Beyond the surface: Why wound healing stalls

Wounds may become stalled at the inflammation phase, exhibiting low-grade inflammation for a long period of time (sometimes indefinitely) due to numerous factors, both intrinsic and extrinsic (Table 1). Because of this, it is critically important to carry out a thorough holistic assessment of the wound, patient, wound management options and other treatments the patient may be undergoing. Understanding these factors is necessary for not only to initiate appropriate wound management, but also to ensure ancillary treatments are initiated to manage the underlying conditions.

Table 1. Factors that can delay or impair wound healing[1]
Patient-related Malnutrition (protein, carbohydrates, fatty acids and trace elements are essential for wound-healing)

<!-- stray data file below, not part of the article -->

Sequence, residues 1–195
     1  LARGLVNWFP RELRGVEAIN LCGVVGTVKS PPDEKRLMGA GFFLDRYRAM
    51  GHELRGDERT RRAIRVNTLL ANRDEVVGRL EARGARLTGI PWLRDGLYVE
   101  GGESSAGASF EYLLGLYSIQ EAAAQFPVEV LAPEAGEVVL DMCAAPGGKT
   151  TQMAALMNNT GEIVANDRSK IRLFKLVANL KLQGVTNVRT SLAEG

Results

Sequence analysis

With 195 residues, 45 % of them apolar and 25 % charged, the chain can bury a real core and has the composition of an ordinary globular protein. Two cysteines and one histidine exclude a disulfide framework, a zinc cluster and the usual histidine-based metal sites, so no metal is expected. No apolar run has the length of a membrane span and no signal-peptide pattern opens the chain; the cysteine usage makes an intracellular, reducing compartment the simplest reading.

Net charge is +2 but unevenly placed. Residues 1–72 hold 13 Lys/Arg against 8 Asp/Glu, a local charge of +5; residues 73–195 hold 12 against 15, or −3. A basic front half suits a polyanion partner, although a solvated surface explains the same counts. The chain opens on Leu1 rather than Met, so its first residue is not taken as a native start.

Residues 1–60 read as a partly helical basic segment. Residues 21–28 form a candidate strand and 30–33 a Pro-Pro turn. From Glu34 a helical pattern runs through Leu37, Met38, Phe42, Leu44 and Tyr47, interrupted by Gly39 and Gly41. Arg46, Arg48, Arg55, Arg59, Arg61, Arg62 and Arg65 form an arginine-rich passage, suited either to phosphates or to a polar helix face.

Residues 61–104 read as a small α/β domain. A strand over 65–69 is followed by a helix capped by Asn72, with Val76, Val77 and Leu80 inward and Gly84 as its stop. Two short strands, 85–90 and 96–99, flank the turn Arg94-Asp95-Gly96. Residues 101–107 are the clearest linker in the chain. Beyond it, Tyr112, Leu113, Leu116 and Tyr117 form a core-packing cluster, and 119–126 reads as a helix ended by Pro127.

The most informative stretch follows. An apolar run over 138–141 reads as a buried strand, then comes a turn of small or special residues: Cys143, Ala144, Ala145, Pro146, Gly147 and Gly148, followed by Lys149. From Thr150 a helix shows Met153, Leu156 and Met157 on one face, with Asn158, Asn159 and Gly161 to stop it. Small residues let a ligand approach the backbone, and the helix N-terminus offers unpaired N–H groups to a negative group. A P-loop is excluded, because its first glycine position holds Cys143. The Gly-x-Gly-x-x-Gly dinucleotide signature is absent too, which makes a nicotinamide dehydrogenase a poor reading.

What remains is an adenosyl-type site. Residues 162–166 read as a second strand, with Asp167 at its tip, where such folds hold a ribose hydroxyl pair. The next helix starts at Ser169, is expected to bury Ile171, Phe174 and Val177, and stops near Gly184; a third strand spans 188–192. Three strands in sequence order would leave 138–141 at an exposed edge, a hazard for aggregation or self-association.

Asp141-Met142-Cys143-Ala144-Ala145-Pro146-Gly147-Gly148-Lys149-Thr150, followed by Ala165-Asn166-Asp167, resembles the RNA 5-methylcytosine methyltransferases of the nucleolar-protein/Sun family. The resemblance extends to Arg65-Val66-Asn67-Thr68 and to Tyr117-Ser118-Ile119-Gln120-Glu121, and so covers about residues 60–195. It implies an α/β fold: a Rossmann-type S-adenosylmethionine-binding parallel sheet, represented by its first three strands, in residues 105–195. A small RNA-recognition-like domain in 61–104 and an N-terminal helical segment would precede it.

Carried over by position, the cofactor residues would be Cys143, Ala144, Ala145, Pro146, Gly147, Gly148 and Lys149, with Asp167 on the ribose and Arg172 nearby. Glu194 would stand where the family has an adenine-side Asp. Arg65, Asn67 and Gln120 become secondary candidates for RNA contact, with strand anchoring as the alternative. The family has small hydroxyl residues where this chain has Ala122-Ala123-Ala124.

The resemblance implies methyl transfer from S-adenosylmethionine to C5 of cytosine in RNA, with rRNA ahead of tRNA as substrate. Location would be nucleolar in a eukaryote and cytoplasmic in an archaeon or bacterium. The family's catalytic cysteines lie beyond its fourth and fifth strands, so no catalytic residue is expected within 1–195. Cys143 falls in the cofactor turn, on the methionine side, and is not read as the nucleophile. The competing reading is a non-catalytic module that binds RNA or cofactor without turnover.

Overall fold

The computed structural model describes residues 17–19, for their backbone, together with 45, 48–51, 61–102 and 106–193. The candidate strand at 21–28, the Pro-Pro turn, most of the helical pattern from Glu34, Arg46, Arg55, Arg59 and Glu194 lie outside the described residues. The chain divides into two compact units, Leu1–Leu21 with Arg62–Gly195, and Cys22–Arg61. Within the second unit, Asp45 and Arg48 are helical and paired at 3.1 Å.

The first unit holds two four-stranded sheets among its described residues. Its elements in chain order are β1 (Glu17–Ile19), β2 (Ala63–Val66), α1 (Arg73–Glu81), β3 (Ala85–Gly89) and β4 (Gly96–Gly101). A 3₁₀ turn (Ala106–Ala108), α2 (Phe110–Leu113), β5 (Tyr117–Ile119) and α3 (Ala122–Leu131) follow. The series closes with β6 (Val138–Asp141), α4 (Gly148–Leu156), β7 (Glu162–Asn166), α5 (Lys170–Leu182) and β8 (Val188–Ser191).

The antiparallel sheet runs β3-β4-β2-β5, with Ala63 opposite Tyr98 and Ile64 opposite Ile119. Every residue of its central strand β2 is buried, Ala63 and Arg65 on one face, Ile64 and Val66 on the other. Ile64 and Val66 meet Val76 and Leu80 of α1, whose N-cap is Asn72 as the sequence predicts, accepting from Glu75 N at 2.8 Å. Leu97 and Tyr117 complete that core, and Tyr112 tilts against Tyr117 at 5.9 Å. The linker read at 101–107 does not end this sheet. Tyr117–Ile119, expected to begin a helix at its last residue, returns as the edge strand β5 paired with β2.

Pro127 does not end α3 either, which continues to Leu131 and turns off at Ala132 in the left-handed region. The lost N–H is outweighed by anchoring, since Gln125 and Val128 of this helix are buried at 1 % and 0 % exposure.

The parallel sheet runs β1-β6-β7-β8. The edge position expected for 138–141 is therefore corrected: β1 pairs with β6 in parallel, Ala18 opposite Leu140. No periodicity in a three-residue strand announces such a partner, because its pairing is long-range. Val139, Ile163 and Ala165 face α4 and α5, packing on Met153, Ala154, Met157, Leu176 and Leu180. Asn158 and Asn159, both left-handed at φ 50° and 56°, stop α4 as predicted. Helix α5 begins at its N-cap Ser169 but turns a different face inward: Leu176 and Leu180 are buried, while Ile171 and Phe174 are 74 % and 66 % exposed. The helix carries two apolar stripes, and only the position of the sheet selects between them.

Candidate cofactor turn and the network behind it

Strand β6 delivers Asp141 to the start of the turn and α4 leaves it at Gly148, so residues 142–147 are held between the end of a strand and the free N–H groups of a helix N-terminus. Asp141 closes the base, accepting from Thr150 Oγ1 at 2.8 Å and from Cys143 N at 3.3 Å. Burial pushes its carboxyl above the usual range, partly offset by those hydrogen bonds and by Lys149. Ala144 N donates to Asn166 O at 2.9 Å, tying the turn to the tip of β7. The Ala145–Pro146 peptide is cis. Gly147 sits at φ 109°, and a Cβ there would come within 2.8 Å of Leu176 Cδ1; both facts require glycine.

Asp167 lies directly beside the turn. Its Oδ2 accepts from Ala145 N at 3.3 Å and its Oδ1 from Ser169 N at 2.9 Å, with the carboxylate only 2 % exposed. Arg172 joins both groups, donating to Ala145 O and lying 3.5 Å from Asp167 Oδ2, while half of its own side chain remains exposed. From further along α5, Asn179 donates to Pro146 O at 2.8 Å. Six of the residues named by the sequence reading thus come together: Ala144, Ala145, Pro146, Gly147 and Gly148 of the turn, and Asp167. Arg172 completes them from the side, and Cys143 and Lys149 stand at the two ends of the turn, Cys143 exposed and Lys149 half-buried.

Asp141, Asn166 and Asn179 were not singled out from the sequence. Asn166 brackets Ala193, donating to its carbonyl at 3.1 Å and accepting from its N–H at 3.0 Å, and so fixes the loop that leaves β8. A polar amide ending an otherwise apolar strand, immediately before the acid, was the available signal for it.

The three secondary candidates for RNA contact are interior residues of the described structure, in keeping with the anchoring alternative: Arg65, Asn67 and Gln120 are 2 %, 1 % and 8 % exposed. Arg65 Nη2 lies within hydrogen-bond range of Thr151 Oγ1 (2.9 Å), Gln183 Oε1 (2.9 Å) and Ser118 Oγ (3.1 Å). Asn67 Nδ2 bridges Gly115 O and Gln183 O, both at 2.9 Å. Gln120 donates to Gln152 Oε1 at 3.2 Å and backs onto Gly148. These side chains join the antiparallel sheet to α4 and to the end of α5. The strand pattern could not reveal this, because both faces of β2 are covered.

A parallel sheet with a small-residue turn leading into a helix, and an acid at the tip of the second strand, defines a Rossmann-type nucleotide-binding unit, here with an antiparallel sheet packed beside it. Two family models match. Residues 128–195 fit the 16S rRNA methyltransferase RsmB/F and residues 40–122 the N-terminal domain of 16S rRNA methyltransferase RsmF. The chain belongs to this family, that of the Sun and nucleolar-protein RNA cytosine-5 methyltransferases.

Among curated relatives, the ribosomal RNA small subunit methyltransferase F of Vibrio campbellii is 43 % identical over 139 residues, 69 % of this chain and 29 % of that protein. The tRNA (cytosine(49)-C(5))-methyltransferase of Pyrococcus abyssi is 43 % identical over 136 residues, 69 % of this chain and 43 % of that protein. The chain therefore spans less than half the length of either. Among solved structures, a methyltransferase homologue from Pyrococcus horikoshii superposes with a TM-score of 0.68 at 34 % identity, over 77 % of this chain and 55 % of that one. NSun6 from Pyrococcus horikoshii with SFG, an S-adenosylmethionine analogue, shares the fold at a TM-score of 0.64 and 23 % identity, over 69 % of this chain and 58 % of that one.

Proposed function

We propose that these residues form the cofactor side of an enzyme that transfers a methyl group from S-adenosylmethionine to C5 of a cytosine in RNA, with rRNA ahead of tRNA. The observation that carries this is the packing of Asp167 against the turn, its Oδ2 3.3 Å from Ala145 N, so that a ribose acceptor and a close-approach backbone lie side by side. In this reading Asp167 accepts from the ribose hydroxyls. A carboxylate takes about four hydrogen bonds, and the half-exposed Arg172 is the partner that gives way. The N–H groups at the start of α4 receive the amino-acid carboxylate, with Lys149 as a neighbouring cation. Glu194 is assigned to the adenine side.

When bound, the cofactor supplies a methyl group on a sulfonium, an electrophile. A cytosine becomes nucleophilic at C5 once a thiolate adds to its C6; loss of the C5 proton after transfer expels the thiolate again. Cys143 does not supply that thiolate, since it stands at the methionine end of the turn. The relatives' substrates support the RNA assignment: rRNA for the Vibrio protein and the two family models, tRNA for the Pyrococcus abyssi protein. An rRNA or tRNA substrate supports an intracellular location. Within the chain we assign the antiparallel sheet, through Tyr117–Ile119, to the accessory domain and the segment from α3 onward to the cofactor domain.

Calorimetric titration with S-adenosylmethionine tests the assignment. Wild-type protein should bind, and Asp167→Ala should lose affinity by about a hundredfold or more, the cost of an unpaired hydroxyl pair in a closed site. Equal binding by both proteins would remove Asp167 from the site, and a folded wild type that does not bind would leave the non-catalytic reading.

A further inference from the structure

Reduced peripheral blood supply (due to cardiovascular disorders, ischaemia)
Obesity (decreases tissue perfusion)
Underlying systemic condition (e.g. diabetes, autoimmune disorders)
Impaired mobility/immobility
Psychological stress, lack of sleep
Patient non-compliance
Other treatments Medication (e.g. non-steroidal anti-inflammatory drugs, corticosteroids)
Wound-related Microbial colonisation/infection
Maceration (e.g. due to high exudate volumes or contact with other moisture)
Unrelieved pressure
Service delivery Inappropriate wound management
Reduced wound temperature (e.g. due to prolonged dressing changes or use of cold cleansing products)

Haemostasis: Setting the stage for wound-healing

The presence of these factors can impair the functioning of microbiological processes that are needed to carry out wound-healing after haemostasis is achieved. Patients who have congenital or other impairment of platelet and fibrin production will take longer to achieve haemostasis, the first stage of wound healing, which begins as soon as the wound occurs.